To understand net neutrality, one must see its position in technical history. Traditionally, internet service providers (ISPs), such as Comcast and Verizon, have guaranteed their customers a certain quantity of bandwidth – that is, a certain amount of data per unit of time. It was assumed that even a voracious user would rarely use his maximum bandwidth, and services were priced under this assumption. ISPs also de facto allowed customers to access whatever websites they wished; while there was no legal protection for this behavior, technical complexities made discrimination by website infeasible. The result was a largely open web: anyone with a blog could potentially reach millions.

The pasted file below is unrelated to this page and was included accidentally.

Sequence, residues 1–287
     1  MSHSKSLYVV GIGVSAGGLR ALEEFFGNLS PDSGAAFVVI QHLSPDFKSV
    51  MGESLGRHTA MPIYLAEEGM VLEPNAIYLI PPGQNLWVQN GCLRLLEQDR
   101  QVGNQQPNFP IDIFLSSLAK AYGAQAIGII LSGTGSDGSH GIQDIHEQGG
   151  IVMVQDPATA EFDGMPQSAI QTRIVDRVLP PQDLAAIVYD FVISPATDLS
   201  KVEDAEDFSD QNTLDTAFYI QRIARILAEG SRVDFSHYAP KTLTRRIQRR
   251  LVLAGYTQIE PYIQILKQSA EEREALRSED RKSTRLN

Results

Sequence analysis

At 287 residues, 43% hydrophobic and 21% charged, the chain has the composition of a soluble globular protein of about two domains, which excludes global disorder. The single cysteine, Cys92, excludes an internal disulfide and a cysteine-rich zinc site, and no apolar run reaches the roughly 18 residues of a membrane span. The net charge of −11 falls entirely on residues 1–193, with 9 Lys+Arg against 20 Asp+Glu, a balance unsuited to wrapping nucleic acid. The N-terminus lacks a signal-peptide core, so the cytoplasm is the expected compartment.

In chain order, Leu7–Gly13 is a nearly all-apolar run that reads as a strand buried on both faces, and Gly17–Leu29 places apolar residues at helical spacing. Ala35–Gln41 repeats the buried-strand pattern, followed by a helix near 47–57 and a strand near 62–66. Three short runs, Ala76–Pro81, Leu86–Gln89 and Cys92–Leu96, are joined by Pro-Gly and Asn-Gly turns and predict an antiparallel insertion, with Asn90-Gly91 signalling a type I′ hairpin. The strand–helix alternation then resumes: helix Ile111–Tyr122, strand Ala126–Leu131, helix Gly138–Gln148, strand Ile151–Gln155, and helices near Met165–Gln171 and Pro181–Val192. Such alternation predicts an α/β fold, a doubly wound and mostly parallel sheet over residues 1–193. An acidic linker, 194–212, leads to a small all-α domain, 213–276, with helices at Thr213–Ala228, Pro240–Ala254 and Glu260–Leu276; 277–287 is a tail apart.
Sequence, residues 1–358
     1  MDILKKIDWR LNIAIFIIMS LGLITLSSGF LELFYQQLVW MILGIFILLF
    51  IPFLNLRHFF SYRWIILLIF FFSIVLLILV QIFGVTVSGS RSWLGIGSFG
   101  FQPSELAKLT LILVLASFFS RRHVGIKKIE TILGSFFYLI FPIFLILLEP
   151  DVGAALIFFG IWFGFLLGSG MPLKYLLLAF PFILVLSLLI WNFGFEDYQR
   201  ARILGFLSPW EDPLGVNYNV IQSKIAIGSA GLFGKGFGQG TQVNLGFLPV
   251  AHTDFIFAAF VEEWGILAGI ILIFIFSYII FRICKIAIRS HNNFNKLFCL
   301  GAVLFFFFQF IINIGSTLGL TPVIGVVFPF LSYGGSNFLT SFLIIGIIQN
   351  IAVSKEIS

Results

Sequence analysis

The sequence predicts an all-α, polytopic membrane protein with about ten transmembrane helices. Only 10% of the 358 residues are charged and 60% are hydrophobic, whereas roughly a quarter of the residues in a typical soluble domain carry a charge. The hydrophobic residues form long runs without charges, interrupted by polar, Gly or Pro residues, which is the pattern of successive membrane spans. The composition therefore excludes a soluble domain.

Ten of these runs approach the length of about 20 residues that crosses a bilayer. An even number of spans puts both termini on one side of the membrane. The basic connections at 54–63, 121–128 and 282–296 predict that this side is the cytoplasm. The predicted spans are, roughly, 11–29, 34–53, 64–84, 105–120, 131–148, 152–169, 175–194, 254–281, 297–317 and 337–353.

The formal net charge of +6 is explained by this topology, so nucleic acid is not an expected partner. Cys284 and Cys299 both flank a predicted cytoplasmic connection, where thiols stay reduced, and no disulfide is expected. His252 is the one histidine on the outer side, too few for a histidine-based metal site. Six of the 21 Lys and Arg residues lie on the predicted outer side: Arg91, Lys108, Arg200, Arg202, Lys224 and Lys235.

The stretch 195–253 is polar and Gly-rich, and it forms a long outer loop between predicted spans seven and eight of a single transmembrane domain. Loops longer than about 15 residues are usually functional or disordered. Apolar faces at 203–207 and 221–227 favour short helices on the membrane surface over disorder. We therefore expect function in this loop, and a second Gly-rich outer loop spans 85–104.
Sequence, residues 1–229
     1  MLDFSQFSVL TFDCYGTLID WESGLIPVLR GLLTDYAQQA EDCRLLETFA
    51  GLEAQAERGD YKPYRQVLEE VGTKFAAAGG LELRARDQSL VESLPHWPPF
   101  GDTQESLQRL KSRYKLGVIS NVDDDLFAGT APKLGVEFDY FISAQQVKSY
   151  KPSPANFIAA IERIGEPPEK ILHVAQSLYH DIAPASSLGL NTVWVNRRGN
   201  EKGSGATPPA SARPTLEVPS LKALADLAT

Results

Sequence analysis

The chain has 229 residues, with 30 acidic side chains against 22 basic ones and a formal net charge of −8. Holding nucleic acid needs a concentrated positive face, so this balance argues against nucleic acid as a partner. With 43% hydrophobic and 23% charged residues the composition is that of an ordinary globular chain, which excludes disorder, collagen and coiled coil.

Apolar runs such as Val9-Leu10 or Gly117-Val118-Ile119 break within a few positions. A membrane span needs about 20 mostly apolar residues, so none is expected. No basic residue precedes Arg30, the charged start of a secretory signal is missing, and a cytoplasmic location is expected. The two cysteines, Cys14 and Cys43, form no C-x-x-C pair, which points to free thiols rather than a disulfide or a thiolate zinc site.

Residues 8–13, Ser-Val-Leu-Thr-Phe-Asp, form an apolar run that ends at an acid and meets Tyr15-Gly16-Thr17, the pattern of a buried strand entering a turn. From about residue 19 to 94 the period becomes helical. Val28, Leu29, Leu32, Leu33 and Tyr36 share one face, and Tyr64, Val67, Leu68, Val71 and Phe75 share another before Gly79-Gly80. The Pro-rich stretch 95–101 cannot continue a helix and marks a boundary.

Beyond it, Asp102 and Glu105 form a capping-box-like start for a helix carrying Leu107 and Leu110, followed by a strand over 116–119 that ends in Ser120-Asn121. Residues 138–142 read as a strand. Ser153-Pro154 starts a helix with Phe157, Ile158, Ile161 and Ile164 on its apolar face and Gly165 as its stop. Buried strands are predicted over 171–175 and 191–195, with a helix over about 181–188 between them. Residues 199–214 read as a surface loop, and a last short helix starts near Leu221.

In the early 2000s, the situation changed. Technological innovations enabled providers to determine which site a user visited and so potentially to restrict access. In principle, an ISP could now sell “packages” of websites, in a fashion resembling cable television: “basic internet” for news and Facebook, say, or “premium internet” for those who wanted more. These years also saw the rising popularity of streaming video services like Netflix and YouTube. Users now binge-watched videos, consuming their maximum available bandwidth for hours at a stretch. Such trends increased costs for the ISPs, leading them to investigate new responses: restricted access to high-usage sites, artificially slow downloads, and so on.